Local leaders: Student opportunity as strong as ever in Orange County
Published 12:08 am Saturday, April 22, 2023
Dr. Tom Johnson had a story to tell.
“I want to take you back a little bit,” he said. “I want to thank Dr. (Mike) Shahan for laying the predicate of why we needed this building. I will forever be grateful for that. That was a few years ago. It takes awhile, but today we see the fruit of that.”
Johnson, president of Lamar State College Orange, delivered the history lesson Wednesday morning when celebrating the ground breaking of the campus’ new $38 million academic building.
Shahan, who was school president before Johnson, said this week’s progress marks an important step for Orange County that has been years in the making.
“We had a definite need for a better academic building and this was an ideal site,” he said. “You combine that with the fact that the bank was empty and deteriorating. This is a plus for the city, a plus for the school. It is a real step forward for everybody.”
Shahan, who retired after more than 24 years of service to the university, said funding for such a projects falls on the whims of the state legislature.
He and others credited the work of Speaker of the Texas House of Representatives Dade Phelan and State Sen. Robert Nichols for their work in securing funding.
The new building is expected to be ready by the fall of 2024.
With this enhancement and others, Shahan feels Lamar State College Orange is a “perfect place” to receive skills training for immediate workplace placement or early coursework on the path to a bachelor’s degree or graduate’s degree.
“It’s a great place to start,” he said. “There are great facilities, great faculty, lots of personal attention and lots of pluses I think we have over some of the bigger institutions.”
When finished, this 55,000-square-feet building will house academic classrooms, labs and LSCO’s Information Technology Department, among much more.
Those new opportunities touched Orange County Judge John Gothia, who reflected on his career, adding he was a product of the campus.
“My first two college years were spent over here in a little bitty building they had years ago,” he said. “To see it grow to what it is today is fantastic. It is great for our community. It is great that our students have something local to go to and start their educational career.”
Gothia said Orange County students and young professionals are as well positioned today for future success as they have been in years.
“They have a lot of opportunity in front of them,” he said. “What Dr. Johnson has done here, they keep expanding educational opportunities with this new skill center and focusing back on skills we need with all the industry that is growing here. We need kids coming out of high school to get a college education and skills they can use with welding and all different things that come with that.”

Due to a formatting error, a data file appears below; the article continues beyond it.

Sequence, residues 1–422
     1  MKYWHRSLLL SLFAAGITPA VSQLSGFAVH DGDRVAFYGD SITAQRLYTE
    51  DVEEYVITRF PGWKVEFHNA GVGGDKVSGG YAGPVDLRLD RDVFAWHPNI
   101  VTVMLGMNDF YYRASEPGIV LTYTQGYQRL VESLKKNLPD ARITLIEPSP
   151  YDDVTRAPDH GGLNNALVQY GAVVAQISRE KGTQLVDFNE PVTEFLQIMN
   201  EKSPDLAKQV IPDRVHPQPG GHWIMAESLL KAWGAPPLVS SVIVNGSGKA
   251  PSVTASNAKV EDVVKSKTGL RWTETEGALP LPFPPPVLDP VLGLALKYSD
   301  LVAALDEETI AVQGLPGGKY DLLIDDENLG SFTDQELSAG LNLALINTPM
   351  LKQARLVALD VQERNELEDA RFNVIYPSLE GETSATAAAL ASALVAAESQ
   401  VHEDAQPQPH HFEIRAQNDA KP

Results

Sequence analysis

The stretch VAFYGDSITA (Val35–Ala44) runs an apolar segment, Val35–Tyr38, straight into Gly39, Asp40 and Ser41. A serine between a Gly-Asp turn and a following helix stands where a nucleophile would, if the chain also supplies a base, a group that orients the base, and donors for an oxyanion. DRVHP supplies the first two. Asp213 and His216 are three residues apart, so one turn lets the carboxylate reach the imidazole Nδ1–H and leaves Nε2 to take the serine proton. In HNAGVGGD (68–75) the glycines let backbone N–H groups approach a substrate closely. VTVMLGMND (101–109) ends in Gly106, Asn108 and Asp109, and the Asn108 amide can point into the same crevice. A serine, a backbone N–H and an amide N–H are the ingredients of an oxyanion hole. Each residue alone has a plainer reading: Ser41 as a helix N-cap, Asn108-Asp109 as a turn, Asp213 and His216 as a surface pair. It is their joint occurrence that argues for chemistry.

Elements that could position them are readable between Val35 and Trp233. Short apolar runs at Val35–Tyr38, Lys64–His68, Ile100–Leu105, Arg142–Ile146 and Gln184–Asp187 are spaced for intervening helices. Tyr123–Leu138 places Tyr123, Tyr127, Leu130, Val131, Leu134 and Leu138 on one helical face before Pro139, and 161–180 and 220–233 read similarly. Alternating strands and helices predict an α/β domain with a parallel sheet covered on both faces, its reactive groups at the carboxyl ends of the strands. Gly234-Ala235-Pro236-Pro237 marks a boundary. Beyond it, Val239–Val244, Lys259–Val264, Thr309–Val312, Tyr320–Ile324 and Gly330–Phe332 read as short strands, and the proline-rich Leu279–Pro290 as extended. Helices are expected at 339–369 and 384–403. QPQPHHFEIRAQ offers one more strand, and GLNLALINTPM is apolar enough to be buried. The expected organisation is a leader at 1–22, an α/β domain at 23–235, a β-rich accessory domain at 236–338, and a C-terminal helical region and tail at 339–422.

Following LSCO’s groundbreaking, Vidor Independent School District Superintendent Dr. Jay Killgo said there is “sincere interest” from college leaders in building the community.
“It is really reassuring to know that you have your own organization and those outside your organization with an understanding of the big picture, walking with you in your endeavors with the same goals as you,” he said. “I can’t brag on LSCO more about their compassion towards students. Dr. Johnson has a heart for reaching every individual student and giving them a pathway toward the future. It gives me a good feeling of optimism about the future and the folks we’re working with.”
Killgo has worked locally for 15 years and said he can’t remember a time when there has been more opportunity.
He cited industrial expansion and the promise of more jobs in retail and education to meet those needs.
“The future is bright for students,” he said. “The opportunities are there. We’re guiding them in the right direction and we have somebody that we can hand them off to at LSCO and Lamar Beaumont. It gives families and students a pathway forward, which is all you want.”
John Mixon of Durotech, who is helping lead construction of the academic building, said he is happy to start a partnership with the Texas State University System.
“From a personal side, I have had two of my sons graduate from the state college system with a trade and now are productive members of the workforce,” he said. “As a family we are very grateful for that.
“We hope to construct this building that is going to last generations, support the community and provide productive members of our society.”